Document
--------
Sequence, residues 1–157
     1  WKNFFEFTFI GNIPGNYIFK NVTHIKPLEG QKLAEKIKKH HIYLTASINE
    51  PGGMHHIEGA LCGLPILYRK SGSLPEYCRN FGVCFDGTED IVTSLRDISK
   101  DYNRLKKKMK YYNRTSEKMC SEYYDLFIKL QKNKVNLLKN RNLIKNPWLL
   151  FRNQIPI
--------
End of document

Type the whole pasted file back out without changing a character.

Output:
Sequence, residues 1–157
     1  WKNFFEFTFI GNIPGNYIFK NVTHIKPLEG QKLAEKIKKH HIYLTASINE
    51  PGGMHHIEGA LCGLPILYRK SGSLPEYCRN FGVCFDGTED IVTSLRDISK
   101  DYNRLKKKMK YYNRTSEKMC SEYYDLFIKL QKNKVNLLKN RNLIKNPWLL
   151  FRNQIPI